LITERATURE assess the likelihood that the leaked data came



1)  Multiple re-watermarking scenarios

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 A. Mascher-Kampfer, H. St€ogner, and A. Uhl


The use of classical robust watermarking
techniques for multiple re-watermarking is discussed. In particular we focus on
a comparison of the usefulness of blind and non-blind algorithms for this type
of applications. A surprisingly high number of watermarks may be embedded using
both approaches, provided that additional data is recorded in the non-blind


2) Data leakage detection


Papadimitriou and H. Garcia-Molina


We study the following problem: A data
distributor has given sensitive data to a set of supposedly trusted agents
(third parties). Some of the data are leaked and found in an unauthorized place
(e.g., on the web or somebody’s laptop). The distributor must assess the
likelihood that the leaked data came from one or more agents, as opposed to
having been independently gathered by other means. We propose data allocation
strategies (across the agents) that improve the probability of identifying
leakages. These methods do not rely on alterations of the released data (e.g.,
watermarks). In some cases, we can also inject “realistic but fake” data
records to further improve our chances of detecting leakage and identifying the
guilty party.


3)  Secure spread spectrum watermarking for


AUTHORS:  I. J. Cox, J. Kilian, F. T. Leighton, and T.


This paper presents a secure
(tamper-resistant) algorithm for watermarking images, and a methodology for
digital watermarking that may be generalized to audio, video, and multimedia
data. We advocate that a watermark should be constructed as an independent and
identically distributed (i.i.d.) Gaussian random vector that is imperceptibly
inserted in a spread-spectrum-like fashion into the perceptually most
significant spectral components of the data. We argue that insertion of a
watermark under this regime makes the watermark robust to signal processing
operations (such as lossy compression, filtering, digital-analog and
analog-digital conversion, requantization, etc.), and common geometric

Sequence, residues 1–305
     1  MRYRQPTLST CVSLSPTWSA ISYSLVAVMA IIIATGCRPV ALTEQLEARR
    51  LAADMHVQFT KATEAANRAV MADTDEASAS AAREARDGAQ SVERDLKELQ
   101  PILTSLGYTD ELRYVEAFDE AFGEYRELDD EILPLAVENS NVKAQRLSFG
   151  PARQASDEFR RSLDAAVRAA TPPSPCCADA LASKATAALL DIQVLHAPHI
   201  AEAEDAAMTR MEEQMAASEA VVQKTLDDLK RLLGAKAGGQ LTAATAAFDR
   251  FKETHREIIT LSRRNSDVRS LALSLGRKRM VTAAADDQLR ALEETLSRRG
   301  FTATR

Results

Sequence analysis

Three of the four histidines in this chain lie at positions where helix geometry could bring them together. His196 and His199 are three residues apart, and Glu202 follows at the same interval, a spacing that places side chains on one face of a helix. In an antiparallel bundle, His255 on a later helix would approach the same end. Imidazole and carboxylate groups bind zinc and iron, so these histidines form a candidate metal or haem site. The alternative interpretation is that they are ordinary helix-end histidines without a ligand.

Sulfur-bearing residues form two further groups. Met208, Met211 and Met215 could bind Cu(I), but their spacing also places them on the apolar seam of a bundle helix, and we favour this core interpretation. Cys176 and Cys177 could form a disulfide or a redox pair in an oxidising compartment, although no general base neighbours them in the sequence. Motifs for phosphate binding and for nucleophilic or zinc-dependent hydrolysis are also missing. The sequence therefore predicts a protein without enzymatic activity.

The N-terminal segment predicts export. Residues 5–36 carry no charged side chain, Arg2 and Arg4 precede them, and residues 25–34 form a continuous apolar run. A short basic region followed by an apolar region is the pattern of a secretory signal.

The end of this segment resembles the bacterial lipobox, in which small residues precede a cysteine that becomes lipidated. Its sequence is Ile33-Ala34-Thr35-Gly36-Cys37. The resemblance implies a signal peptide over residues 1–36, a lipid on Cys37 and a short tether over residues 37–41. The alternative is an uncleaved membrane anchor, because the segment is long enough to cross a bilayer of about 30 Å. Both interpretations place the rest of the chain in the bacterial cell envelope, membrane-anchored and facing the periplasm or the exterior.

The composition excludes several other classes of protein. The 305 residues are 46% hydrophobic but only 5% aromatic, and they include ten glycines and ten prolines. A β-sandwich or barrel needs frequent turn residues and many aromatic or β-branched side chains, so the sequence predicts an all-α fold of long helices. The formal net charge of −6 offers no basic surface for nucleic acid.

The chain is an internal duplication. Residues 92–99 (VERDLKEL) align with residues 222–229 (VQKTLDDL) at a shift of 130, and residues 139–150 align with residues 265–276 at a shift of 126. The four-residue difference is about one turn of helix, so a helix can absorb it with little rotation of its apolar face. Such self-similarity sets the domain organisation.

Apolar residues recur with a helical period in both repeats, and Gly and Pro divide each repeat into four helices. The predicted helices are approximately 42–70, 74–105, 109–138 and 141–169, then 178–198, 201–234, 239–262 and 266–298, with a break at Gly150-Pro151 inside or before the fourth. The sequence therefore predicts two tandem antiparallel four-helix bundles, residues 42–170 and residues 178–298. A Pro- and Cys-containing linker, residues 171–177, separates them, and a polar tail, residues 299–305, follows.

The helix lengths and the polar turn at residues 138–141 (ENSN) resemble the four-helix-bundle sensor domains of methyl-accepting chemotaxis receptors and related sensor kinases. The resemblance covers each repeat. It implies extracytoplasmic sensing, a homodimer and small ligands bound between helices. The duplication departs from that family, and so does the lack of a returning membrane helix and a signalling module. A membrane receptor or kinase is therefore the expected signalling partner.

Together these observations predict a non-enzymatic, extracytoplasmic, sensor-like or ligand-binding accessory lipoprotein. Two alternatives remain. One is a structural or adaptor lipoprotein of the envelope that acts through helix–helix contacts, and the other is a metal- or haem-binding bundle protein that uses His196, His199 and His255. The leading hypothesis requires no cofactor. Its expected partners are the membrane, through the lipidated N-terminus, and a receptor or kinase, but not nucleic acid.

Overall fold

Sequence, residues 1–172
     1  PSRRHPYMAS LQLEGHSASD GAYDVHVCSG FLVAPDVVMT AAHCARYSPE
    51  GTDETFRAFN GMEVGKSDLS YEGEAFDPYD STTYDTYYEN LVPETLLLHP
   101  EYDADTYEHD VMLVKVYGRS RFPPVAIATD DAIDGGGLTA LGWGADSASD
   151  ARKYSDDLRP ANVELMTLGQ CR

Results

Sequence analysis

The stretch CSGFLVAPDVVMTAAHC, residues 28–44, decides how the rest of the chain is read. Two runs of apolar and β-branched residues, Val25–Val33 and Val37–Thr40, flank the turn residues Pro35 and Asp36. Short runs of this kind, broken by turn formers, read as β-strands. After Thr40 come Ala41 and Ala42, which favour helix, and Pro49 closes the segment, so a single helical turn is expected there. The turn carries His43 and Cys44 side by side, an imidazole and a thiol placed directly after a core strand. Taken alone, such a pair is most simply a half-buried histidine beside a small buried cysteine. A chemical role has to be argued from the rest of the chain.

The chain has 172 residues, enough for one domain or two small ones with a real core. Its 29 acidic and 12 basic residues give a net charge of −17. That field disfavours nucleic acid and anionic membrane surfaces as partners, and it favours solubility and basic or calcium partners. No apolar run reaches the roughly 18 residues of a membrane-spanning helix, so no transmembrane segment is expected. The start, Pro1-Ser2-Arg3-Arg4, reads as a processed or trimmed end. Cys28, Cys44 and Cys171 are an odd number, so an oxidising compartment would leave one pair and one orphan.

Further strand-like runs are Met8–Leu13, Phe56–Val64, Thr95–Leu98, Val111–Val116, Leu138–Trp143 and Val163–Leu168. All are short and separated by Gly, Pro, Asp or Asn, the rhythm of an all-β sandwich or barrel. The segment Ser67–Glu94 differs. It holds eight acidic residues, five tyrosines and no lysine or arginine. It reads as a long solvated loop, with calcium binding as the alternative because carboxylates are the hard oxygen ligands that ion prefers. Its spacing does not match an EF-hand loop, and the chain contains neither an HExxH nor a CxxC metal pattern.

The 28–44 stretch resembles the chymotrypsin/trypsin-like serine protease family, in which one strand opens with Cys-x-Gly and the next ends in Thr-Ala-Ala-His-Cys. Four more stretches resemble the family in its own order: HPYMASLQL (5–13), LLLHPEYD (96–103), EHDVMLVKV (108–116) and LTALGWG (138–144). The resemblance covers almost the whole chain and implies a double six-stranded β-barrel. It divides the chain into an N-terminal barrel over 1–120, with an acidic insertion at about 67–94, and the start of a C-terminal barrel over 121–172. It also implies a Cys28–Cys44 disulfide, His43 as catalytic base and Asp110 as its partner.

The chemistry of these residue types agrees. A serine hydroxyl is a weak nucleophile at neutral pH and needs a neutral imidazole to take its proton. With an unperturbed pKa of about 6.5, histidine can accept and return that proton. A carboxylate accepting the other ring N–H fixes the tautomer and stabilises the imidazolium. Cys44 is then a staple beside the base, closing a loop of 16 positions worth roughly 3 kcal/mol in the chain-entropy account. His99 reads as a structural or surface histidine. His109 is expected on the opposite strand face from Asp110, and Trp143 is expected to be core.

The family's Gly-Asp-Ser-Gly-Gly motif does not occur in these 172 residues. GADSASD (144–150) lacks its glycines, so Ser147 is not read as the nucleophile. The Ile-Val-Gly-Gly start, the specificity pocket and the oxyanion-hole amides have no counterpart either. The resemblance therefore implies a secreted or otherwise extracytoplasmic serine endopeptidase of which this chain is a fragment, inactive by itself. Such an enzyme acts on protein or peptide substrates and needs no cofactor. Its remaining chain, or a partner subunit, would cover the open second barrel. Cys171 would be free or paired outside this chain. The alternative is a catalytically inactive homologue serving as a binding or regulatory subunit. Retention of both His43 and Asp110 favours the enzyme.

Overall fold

transformations (such as cropping, scaling, translation, and rotation) provided
that the original image is available and that it can be successfully registered
against the transformed watermarked image. In these cases, the watermark
detector unambiguously identifies the owner. Further, the use of Gaussian
noise, ensures strong resilience to multiple-document, or collusional, attacks.
Experimental results are provided to support these claims, along with an
exposition of pending open problems









 Asymmetric fingerprinting for larger


AUTHORS:  B. Pfitzmann and M. Waidner


Fingerprinting schemes deter people from
illegal copying of digital data by enabling the merchant of the data to
identify the original buyer of a copy that was redistributed illegally. All
known fingerprinting schemes are symmetric in the following sense: Both the
buyer and the merchant know the fingerprinted copy. Thus, when the merchant
finds this copy somewhere, there is no proof that it was the buyer who put it
there, and not the merchant.

We introduce asymmetric fingerprinting.
where only the buyer knows the fingerprinted copy, and the merchant, upon
finding it somewhere, can find out and prove to third parties whose copy it
was. We present a detailed definition of this concept and constructions. The
first construction is based on a quite general symmetric fingerprinting scheme
and general cryptographic primitives; it is provably secure if all these
underlying schemes are. We also present more specific and more efficient











A digital signature scheme secure against adaptive chosen-message attacks


Goldwasser, S. Micali, and R. L. Rivest


We present a digital signature scheme
based on the computational difficulty of integer factorization. The scheme
possesses the novel property of being robust against an adaptive chosen-message
attack: an adversary who receives signatures for messages of his choice (where
each message may be chosen in a way that depends on the signatures of
previously chosen messages) cannot later forge the signature of even a single
additional message. This may be somewhat surprising, since in the folklore the
properties of having forgery being equivalent to factoring and being
invulnerable to an adaptive chosen-message attack were considered to be
contradictory. More generally, we show how to construct a signature scheme with
such properties based on the existence of a “claw-free” pair of
permutations–a potentially weaker assumption than the intractibility of
integer factorization. The new scheme is potentially practical: signing and
verifying signatures are reasonably fast, and signatures are compact.